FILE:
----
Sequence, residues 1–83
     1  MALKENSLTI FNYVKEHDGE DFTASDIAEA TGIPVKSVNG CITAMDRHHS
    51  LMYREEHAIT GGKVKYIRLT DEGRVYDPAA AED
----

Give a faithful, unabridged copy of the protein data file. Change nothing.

Sequence, residues 1–83
     1  MALKENSLTI FNYVKEHDGE DFTASDIAEA TGIPVKSVNG CITAMDRHHS
    51  LMYREEHAIT GGKVKYIRLT DEGRVYDPAA AED